Minimum wage hike's ripple effect reach Valley government


A dozen thoughts on California’s new minimum wage law:


1.) I’ve chatted with City of Fresno Communications Director Mark Standriff, Fresno County Personnel Services Director Paul Nerland, Fresno Unified School District spokesman Jed Chernabaeff and Fresno Regional Workforce Investment Board Executive Director Blake Konczal. All say their organizations are studying the law’s potential effects of finances.

2.) But none so far has anything concrete to report. Chernabaeff said it might be a couple of months before Fresno Unified reports to the board of trustees. Konczal pretty much used the same time frame. Standriff said controller Michael Lima could have something to announce this week.

3.) Nerland was the most talkative. He said he’s looking strictly at compensation costs, not at possible impacts to county revenues. He said he initiated the study – no one further up the food chain ordered him to do the obvious.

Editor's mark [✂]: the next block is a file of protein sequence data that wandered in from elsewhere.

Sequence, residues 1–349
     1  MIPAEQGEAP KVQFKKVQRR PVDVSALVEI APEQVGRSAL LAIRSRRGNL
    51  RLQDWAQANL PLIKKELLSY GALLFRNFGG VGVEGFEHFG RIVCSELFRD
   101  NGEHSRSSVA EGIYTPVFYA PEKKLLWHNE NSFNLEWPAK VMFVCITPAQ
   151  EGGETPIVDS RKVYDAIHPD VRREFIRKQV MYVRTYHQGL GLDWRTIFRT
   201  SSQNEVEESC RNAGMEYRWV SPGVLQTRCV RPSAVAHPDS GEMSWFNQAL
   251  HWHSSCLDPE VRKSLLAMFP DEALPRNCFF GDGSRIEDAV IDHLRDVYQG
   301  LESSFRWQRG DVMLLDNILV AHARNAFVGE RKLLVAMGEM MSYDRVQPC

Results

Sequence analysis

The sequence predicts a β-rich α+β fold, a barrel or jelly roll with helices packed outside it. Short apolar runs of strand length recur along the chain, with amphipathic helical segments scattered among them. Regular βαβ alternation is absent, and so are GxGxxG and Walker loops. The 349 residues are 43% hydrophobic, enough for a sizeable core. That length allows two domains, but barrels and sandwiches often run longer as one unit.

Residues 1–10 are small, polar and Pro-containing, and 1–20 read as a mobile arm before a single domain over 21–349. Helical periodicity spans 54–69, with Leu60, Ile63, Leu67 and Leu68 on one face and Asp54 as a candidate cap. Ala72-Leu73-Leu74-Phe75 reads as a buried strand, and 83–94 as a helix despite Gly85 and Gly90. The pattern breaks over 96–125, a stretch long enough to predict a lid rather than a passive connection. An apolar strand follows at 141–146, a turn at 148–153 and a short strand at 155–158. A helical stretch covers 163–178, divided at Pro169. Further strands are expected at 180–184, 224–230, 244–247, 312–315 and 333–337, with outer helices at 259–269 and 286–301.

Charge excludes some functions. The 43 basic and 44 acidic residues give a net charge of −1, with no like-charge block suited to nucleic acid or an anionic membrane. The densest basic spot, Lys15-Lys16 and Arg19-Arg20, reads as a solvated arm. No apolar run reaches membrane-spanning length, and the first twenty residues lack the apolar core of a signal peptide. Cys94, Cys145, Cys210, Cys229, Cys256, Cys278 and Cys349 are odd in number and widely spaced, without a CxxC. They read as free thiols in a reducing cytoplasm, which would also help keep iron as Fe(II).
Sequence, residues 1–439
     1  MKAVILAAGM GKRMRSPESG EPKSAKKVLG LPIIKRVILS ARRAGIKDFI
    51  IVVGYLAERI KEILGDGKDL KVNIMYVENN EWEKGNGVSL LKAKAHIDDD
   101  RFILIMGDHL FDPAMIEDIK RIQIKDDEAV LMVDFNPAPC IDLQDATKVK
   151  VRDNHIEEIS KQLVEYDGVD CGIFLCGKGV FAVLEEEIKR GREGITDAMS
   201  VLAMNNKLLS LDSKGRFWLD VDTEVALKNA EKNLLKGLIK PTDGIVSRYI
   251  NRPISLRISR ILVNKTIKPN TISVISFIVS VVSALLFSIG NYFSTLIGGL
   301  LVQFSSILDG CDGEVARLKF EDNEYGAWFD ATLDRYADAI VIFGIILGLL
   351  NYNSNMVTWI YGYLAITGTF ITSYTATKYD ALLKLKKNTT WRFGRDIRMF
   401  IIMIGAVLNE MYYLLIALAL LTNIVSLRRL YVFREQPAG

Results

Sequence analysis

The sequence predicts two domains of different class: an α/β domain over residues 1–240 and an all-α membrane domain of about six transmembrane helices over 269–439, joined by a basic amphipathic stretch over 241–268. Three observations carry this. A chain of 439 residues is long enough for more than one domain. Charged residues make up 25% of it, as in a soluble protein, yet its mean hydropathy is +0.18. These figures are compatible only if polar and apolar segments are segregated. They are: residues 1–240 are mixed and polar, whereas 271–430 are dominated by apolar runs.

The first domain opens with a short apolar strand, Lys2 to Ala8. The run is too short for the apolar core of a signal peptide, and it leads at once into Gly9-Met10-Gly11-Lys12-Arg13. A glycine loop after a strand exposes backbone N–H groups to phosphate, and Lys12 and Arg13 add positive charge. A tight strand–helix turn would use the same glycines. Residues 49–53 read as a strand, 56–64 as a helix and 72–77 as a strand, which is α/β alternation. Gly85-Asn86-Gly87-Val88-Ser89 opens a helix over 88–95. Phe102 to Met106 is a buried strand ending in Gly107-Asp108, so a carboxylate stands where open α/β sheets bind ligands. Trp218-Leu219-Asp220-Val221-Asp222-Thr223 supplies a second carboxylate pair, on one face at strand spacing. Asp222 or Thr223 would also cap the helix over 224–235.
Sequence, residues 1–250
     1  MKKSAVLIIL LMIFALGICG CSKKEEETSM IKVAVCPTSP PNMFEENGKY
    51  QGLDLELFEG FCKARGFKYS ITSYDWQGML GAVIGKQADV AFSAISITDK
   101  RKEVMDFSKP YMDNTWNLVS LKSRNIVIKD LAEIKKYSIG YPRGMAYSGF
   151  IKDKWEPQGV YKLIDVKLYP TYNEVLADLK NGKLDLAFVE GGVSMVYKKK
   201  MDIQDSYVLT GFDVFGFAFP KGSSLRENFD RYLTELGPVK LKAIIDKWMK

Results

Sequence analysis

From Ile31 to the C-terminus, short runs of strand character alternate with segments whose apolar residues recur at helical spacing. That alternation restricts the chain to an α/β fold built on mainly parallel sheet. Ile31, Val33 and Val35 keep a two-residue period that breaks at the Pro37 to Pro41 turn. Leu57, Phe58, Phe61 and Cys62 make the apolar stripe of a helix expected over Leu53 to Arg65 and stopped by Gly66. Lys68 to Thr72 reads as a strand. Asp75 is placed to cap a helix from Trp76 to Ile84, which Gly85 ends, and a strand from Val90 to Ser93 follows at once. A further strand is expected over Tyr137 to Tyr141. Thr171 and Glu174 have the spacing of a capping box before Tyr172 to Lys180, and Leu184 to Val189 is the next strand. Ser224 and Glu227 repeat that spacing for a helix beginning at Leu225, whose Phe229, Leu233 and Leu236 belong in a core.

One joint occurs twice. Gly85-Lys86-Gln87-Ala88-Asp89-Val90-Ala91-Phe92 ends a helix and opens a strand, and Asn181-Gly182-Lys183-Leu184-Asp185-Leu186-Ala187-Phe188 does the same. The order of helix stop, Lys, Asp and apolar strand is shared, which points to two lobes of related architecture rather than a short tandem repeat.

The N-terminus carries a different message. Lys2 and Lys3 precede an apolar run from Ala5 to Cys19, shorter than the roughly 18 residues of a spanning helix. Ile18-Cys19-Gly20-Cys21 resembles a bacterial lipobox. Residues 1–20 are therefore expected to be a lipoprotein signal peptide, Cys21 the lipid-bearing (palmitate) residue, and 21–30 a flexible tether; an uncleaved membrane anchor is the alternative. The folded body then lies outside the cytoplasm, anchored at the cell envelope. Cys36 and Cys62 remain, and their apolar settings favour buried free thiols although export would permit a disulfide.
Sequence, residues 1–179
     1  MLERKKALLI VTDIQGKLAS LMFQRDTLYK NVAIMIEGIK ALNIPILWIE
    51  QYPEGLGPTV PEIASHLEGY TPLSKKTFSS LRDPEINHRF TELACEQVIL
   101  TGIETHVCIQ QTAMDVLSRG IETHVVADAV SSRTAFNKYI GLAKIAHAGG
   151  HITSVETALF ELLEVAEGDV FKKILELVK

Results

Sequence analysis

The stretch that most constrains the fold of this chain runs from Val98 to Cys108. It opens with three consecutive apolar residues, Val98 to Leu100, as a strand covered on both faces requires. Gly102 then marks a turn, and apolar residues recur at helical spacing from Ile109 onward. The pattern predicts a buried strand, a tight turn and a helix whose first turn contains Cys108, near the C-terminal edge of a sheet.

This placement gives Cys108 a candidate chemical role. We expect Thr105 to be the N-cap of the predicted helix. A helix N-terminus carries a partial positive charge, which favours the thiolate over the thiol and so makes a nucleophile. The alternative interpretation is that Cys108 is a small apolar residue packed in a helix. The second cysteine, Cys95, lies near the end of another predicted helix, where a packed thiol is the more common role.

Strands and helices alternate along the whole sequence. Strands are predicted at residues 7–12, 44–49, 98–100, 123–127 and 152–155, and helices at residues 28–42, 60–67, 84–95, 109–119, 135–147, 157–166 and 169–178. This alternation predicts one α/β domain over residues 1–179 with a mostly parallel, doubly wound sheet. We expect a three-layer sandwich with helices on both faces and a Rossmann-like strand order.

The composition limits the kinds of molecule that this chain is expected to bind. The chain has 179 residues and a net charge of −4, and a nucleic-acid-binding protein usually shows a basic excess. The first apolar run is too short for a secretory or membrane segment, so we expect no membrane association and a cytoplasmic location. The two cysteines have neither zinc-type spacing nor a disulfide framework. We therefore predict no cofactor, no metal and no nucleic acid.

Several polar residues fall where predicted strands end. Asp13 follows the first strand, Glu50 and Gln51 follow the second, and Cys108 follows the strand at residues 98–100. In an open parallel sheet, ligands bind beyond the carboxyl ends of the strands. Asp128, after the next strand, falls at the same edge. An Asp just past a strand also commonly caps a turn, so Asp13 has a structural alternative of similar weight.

4.) Nerland said Fresno County is a charter county (one of only 14 in the state), and therefore has more flexibility when it comes to state laws regarding compensation. Still, Nerland said, Fresno County finds itself in a tough market for talented employees. “We will want to remain competitive,” Nerland said. I took that to mean the County of Fresno’s minimum wage in 2022 will be $15 an hour, just as it will for other employers with more than 25 employees. (Employers with 25 or fewer will hit the $15/hour mark in 2023).

5.) Nerland declined to speculate on how the law will affect compensation for county employees making more than the legal minimum. But Nerland did note that step increases in the minimum wage over the next six years are rather big in terms of percentage. For example, to go from $10.50 an hour in 2017 to $11.50 an hour in 2018 means a 9.5% bump. Nerland didn’t go any further with his thought. My own interpretation: Unions representing higher paid workers might be inclined to scoff at proposed raises of a mere 2% or 3%.